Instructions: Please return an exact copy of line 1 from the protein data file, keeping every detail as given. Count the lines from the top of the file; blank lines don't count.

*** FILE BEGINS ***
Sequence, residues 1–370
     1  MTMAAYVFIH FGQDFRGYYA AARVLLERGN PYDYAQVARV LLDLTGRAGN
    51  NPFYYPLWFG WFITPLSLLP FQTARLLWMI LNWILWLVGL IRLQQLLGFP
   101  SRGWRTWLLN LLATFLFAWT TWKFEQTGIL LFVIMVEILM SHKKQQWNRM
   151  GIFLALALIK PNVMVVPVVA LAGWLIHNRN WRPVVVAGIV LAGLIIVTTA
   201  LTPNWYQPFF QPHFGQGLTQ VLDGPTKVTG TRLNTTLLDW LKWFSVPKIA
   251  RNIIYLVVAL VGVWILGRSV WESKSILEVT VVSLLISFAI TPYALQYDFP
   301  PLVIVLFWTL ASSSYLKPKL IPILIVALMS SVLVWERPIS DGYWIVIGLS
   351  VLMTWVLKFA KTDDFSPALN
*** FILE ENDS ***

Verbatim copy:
Sequence, residues 1–370